Michele Bachmann mocked with her own words in Tarryl Clark's new website
Just in time for her paranoia road show in California, Michele Bachmann's crazy conspiracy theories have all been gathered in one neat interactive package by her DFL challenger, Tarryl Clark.
Via michelebachmannsaidwhat.com All the greatest hits in one fun package
Whether in fun quiz form, nifty embeddable widgets for your blog for or interactive sound board, the sixth district congresswoman's greatest hits are all there.
The Obama paranoia: "I'm very concerned that he [Barack Obama] may have anti-American views.
The AmeriCorps paranoia: "Young people will be put into mandatory service ... there are provisions for re-education camps for young people, where young people have to go and get trained in the philosophy that the the government puts forward."
The health care paranoia: "Death panels are the bureaucracies that President Obama is establishing where bureaucrats will make the decision on who gets access to health care and how much."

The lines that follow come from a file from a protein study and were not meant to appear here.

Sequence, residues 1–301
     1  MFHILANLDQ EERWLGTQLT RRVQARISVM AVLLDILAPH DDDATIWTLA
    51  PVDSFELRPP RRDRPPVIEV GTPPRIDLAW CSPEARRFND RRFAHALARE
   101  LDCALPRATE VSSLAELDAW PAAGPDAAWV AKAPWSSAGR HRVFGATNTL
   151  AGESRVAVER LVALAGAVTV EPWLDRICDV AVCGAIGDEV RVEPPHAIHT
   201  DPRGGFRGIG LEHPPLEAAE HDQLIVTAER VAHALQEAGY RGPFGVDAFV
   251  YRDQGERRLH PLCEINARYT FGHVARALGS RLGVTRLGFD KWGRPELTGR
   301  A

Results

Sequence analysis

The Bill Clinton paranoia: "They said that Bill Clinton gave a speech yesterday -- the former president -- at the Center for American Progress, John Podesta's group. He gave a speech, and he called me out in his speech."
Via michelebachmannsaidwhat.com Test your knowledge. It's safe for work
And of course, the too-crazy-for-Glenn-Beck census paranoia: "Private personal information that was given to the Census Bureau in the 1940s was used against Americans to round them up, in a violation of their constitutional rights, and put the Japanese in internment camps."
Bachmann could, in fact, use the the site as a cheat sheet for those Eagle Forum speeches.
The new site is only the latest in a series to mock Bachmann with her own words and ambitions. In February, Clark and the other DFL challenger in the race, Maureen Reed, launched dueling map tools that track the congresswoman's travels outside the state as she burnishes her national image.
Just before the Bachmann-Palin love fest last month in Minneapolis, Clark's campaign spoofed the event with another site that allowed anyone to submit a photo of themselves and have it morphed into an image of Bachmann and Palin together.
The Clark site played off the fact that photo ops with Bachmann and Palin went for as much as $10,000 each.